Costa Rica Update

Spring 2015 InGear

Carlos making his daily drop off

Carlos making his daily drop off

Carlos Camacho lives at the bottom of the hamlet in Dulce Nombre de Coronado, Costa Rica. He works in the workshop of a flag factory located near Coronado. He put a basket on his bicycle so he could begin to deliver vegetables and fruit to some of the families that are along his route on his way to work. Some of the fruit and vegetables are from his own garden and others he buys the day before. He manages to generate a little income while he is commuting, which he puts towards the cost of his five-year-old daughter’s education. The bicycle allows him to manage to drop off the vegetables and fruit to several households on his way to work.


Martha working in her house

Martha working in her house

Martha Bejarano raised her daughter alone doing needlework. She lives in Aguas Zarcas of Ciudad Quesada, Costa Rica, in a very humble village. At great cost she is sending her daughter to school to become a professional, so now she is caring for her granddaughter. The daughter gave her a better P4P sewing machine with more stitches, so she can be more productive while her granddaughter is at school. She now lives much happier because one needs to save. She learned to operate the new machine almost immediately and it is allowing her to be more productive and do more work. Now her dream is to improve the kitchen and the refrigerator of her humble cottage with the added income she is earning.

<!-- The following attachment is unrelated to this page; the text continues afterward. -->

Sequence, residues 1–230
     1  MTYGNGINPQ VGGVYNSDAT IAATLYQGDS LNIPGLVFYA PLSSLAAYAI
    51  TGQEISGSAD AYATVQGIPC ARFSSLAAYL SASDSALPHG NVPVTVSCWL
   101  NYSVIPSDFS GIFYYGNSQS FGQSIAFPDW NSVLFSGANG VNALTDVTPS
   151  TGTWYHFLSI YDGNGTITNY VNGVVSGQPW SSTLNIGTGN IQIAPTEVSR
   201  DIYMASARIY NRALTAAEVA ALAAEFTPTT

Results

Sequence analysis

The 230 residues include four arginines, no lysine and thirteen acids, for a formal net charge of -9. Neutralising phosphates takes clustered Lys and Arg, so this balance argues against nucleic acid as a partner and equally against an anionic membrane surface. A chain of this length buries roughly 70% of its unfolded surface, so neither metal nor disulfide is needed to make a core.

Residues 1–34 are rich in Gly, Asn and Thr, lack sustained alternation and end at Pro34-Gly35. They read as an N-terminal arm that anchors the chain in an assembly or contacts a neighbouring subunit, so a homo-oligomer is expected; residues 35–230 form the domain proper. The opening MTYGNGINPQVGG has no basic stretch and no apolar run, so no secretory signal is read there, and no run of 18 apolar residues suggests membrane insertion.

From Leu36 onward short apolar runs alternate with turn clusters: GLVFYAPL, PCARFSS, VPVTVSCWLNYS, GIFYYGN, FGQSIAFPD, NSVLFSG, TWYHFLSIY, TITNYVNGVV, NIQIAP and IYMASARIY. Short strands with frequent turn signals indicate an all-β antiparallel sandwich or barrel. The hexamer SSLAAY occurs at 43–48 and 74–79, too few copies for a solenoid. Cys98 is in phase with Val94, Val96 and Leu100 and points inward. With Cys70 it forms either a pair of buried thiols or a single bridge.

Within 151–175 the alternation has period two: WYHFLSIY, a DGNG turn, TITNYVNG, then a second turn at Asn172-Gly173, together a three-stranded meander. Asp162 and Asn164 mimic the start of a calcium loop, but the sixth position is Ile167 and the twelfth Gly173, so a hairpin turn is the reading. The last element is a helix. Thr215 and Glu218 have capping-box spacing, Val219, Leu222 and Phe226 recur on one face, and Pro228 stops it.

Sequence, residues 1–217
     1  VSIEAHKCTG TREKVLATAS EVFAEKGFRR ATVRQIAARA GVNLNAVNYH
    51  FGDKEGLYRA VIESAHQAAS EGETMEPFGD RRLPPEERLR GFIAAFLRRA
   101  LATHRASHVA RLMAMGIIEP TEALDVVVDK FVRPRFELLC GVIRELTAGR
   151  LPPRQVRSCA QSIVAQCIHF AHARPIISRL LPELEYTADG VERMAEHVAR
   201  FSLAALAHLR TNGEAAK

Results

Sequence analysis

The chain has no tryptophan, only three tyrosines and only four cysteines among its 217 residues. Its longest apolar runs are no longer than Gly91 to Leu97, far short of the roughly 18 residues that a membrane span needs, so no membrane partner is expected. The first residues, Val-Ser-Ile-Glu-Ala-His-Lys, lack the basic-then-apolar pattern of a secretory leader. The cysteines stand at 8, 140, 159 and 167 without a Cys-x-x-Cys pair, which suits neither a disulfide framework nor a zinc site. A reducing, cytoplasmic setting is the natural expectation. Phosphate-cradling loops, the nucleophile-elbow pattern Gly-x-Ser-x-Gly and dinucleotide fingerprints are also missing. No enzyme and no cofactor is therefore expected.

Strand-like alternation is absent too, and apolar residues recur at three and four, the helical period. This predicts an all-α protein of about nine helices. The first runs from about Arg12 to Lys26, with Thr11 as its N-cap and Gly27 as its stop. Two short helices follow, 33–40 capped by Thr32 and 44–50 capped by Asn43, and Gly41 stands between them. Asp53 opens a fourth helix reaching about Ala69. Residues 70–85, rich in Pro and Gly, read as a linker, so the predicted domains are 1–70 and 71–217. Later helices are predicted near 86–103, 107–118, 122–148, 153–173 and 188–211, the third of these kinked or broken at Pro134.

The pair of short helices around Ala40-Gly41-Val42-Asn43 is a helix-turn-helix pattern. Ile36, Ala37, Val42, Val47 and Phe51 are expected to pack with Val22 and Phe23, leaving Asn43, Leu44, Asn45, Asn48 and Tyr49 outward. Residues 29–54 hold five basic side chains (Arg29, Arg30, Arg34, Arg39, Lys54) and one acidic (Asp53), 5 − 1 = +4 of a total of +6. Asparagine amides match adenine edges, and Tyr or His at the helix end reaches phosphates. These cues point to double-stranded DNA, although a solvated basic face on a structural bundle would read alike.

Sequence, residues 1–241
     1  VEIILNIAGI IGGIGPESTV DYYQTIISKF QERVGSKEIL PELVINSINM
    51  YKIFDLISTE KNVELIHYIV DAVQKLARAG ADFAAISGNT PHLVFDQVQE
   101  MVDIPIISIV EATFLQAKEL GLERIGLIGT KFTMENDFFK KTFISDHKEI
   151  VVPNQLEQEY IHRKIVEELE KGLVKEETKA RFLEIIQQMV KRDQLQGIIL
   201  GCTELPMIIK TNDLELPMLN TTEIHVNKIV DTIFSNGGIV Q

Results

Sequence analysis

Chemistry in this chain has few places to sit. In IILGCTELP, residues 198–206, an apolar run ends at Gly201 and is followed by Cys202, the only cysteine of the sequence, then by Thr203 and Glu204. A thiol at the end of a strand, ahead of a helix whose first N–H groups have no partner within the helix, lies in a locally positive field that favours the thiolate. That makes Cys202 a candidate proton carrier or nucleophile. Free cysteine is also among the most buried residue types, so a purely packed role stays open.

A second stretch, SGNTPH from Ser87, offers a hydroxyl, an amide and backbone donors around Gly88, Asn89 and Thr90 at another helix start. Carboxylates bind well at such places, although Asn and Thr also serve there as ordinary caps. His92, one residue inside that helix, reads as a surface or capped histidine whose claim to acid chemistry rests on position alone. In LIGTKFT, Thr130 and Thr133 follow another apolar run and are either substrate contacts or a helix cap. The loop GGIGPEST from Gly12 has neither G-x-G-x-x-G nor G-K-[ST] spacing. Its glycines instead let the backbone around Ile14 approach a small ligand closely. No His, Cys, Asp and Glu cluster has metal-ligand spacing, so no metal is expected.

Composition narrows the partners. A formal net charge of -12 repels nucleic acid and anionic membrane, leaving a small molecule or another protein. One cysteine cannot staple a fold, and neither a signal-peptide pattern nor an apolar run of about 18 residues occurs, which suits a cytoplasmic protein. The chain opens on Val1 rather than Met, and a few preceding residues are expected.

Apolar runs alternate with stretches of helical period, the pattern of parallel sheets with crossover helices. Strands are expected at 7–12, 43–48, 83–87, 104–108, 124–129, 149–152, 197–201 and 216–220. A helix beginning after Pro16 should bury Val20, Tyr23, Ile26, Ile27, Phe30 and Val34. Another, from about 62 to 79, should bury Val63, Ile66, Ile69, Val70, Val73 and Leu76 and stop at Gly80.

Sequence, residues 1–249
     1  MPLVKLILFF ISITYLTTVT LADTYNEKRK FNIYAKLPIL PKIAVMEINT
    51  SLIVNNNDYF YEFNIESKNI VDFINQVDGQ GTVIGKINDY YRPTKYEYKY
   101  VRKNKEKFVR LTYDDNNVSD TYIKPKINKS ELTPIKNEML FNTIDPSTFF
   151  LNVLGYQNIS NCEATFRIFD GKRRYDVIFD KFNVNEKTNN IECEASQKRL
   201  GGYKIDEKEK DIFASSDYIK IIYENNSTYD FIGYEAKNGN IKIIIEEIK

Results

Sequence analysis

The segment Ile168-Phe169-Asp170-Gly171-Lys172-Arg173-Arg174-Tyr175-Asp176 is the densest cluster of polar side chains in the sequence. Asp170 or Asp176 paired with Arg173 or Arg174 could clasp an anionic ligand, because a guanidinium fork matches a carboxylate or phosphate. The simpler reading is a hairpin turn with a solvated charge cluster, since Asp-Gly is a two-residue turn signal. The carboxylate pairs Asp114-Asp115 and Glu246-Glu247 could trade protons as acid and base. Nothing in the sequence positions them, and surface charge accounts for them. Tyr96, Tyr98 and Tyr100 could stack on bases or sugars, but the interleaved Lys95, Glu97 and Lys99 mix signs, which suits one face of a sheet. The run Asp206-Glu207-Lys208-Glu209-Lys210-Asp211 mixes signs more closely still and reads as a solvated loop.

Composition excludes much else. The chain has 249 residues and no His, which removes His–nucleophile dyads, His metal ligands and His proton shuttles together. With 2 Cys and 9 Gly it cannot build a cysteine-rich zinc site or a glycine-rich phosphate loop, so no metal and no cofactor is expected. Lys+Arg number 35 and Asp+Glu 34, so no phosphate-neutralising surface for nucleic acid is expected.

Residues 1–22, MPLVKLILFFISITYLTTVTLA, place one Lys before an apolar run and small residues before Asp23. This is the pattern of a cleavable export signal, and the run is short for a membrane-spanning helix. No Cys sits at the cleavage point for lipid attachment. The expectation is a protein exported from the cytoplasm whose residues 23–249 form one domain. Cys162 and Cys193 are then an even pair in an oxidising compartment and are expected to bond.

Javier and daughter on their daily ride

Javier and daughter on their daily ride

Javier Baldivia and his family live in the district of Los Guidos in the heavily populated canton (much like a county) of Desamparados, Costa Rica. In this urban environment, Javier and his wife work hard to maintain a steady income in order to afford both the basics for the family and school for their older two children. Construction is his main occupation but, as in many places, the work varies as much as the demand. He waits for his boss to let him know where and when to be at a job and needs to be able to get to the assigned location as quickly as possible.

Not only does he compete with Costa Ricans for work, but he must also contend with the enormous influx of other Nicaraguans looking for a better life and steady wages. The ownership of a single bicycle has enabled Javier to remain reliable and, thus, competitive in a congested world of surplus able bodies. As a bonus, on weekend mornings, he can also make use of his bicycle to run errands for the family, such as shopping with his daughter at a “Pulpería” to buy cheese and bread for their breakfast.

As our American cities embrace bicycle commuting and sharing as a new (much needed) trend, people like Javier have known for some time that two wheels mean much more than less traffic and good exercise. Bicycles are the most economical and efficient tool for many people of many incomes to keep their families secure and their environment healthy.

Related Posts

Leave a Reply